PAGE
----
They had reached her car, and she did not know that she could drive or that she could talk. But she knew what he wanted of her, what he needed. So she found within herself the depth of courage to make no comment on what he had said, and instead to smile at him and find something to say that might end this on a lighter note.
“You never did tell me…what was the William Holden film that you kept waking to and thinking had a message for you?”
By his smile and then his soft laugh, she knew that she had found a right question.
“God must have a sense of humor, Sam. And for sure He became so exasperated with me that He tried to hammer me over the head with a sign only less obvious than a burning bush. It’s not what the movie is about that matters. It’s the title that might have made me think-if I’d taken the clue and bothered to research it.” He paused for effect. “Satan Never Sleeps.”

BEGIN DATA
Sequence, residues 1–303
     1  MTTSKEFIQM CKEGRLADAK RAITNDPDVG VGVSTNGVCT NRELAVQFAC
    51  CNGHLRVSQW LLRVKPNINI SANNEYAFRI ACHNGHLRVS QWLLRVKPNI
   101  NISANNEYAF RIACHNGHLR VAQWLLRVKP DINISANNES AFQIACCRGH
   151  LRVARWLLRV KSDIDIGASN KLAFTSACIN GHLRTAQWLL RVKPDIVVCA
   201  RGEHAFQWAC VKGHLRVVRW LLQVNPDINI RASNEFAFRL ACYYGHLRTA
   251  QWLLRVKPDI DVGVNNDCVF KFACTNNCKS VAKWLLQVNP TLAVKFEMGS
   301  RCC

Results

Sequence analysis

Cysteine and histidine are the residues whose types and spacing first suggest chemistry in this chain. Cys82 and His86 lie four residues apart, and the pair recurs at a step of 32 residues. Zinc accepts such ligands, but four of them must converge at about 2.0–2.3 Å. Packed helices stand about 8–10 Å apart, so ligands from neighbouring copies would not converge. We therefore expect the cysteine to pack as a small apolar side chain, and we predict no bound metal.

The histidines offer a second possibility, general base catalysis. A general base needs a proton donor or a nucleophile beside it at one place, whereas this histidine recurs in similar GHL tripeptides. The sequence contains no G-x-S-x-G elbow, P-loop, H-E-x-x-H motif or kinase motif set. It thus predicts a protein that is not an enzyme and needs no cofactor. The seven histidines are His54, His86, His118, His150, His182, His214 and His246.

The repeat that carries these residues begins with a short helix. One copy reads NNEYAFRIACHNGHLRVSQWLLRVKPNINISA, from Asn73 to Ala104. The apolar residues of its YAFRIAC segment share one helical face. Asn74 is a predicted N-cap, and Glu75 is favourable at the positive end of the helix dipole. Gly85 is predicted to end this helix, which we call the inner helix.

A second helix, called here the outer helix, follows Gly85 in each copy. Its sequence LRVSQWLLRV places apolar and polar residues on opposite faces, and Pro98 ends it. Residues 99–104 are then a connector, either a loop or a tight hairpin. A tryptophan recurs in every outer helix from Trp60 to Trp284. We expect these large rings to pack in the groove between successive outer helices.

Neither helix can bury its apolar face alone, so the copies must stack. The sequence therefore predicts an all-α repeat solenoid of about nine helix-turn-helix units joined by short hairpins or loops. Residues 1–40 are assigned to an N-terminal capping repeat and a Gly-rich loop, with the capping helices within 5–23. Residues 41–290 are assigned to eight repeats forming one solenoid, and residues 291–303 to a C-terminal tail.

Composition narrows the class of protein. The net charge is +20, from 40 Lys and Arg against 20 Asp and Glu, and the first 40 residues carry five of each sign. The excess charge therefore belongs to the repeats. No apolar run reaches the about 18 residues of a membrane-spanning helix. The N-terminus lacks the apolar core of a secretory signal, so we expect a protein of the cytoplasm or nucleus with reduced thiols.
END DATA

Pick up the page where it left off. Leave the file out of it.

She found a laugh in that, though of the kind that bruises.
He held her for a moment, and she held him, and she kissed his cheek, and he kissed her brow.
Driving away, she looked once in the mirror and saw him standing in the lane, watching her leave, and she could not look back again.
Along the county road, when she found a widening of the shoulder where she could park, she stopped the car.
An unfenced meadow sloped up toward a trio of oaks. She climbed the meadow to the trees and sat with her back against the largest of them, hidden from traffic on the road below.
For a long time, she wept, not so much for him and not at all for herself, but for the condition of all things and for the way the world could be but is not.
In time, she found herself thinking about nothing more than the birds and their songs, the sound of the breeze in the high branches of the oaks, and the shafts of sunlight, clear and pure, that fell through the trees and found the grass and caressed it.
She rose then and returned to the car. She needed to go home. She had a new book to write. And a life to find.